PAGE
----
Monthly Archives: June 2011

10 Things you may not know about me…

1. I have shoulder dimples and they are usually a topic of discussion in the summer.

2. I love country music.

3. Up until senior year of high school I wanted to be a pediatrician.

4. My favorite book of all time is Pride and Prejudice by Jane Austen.

5. I hate beer.

6. If I could bring 3 people back from the dead they would be William Shakespeare, Princess Diana and King Henry VIII.

7. I love to clean and am probably one of the most organized people you will ever meet.

8. I have been in love only once.

9.  I have kept a wedding binder under my bed since I was 14.

10. I have never been to Six Flags.

Cheers,

The Duchess of New York

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How to Kill a Word

   Sometimes I imagine words as tiny Olympian divers. Diving off my lips into a pool of blah blah blah. Sometimes they march onto paper like a gaggle of geese in a neat and orderly fashion. Other times they are hard to control. For the record, I love words. But when I feel like I start to hate them, I try and beat them at their own game.

How to Kill a Word

   First, think of a plan to get rid of them. Those WORDS, those sounds, those syllables. Letters strung together. Crawling up my throat like vomit.

Next, crumple them up and tear them to shreds. Annihilate the lyrics in music. Cross out the markings on warning signs. Slash the ingredients on candy wrappers. WORDS. They infest my body like a foreign disease.

Then, set them on fire. Watch them blaze and burn. Some WORDS are complex eyesores, impossible to pronounce. Some are too fancy, even for Shakespeare. Others are meant for crayons. Snap them in half.

Finally, throw them in the ocean. Let those WORDS become soggy and watch them drown. Swirling around my head like a vortex of pain. Stop haunting me.

A WORD is a WORD is a WORD is a WORD is a WORD. That’s all it is. A WORD.

 

Cheers,

The Duchess of New York

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Modern Art

Black picture frames. White square plates. Red walls in an apartment. This to me is modern.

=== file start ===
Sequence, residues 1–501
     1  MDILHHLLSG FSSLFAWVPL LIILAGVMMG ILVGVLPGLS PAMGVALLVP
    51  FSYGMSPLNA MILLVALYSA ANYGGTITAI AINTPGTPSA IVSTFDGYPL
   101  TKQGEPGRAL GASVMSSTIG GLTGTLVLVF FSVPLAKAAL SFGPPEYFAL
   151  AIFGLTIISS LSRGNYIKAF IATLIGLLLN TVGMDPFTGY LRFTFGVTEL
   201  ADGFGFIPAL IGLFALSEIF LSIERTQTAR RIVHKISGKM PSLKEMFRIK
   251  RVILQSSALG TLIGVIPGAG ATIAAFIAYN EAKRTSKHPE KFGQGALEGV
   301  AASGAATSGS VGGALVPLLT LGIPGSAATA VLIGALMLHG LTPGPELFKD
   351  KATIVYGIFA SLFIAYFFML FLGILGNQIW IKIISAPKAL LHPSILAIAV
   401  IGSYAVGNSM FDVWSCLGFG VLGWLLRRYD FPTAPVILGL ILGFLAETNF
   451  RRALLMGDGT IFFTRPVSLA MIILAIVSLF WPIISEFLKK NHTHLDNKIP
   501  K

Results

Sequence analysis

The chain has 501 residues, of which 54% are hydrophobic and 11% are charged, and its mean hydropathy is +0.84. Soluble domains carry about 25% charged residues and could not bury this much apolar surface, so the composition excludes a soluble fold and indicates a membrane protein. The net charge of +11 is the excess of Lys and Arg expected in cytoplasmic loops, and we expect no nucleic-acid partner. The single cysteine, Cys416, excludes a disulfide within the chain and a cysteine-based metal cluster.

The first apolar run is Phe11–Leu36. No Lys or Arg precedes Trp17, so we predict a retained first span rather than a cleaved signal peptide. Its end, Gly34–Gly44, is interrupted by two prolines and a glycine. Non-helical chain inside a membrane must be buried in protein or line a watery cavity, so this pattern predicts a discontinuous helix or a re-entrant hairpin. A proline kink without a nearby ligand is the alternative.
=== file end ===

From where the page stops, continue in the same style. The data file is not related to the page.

Those of you who know me know that there is absolutely nothing modern about me. Head to toe, inside and out, you will not find a single, modern, contemporary, “normal” bone in my body. And I accept that. From my taste in art, literature and culture, I prefer the traditional classics all the way.

A while ago, I was completely against modern art. I’m not talking about anything done by Picasso or Toulouse Lautrec. I mean the kind of works that seem like they could be created by anyone. A black dot on an empty canvas with some convoluted meaning behind it wasn’t art to me. A four-year-old could execute that work just the same. Sometimes, at first glance, I still don’t consider it art.

I haven’t been to the museum lately, so I was thinking about my next visit. The Metropolitan Museum of Art (MET) is my favorite because of everything it has to offer, especially the Wrightsman Galleries (I’ll talk about them in my next post). An entire wing made up of rooms taken straight out of 16th century French hotels and chateaus, there is nothing modern about it. Then I realized that every time I go to the MET, I never think to see something new, something out of my element of taste. I never veer off course or separate from the norm. So instead, I did what I do best and wrote it down in words to try and see the other side.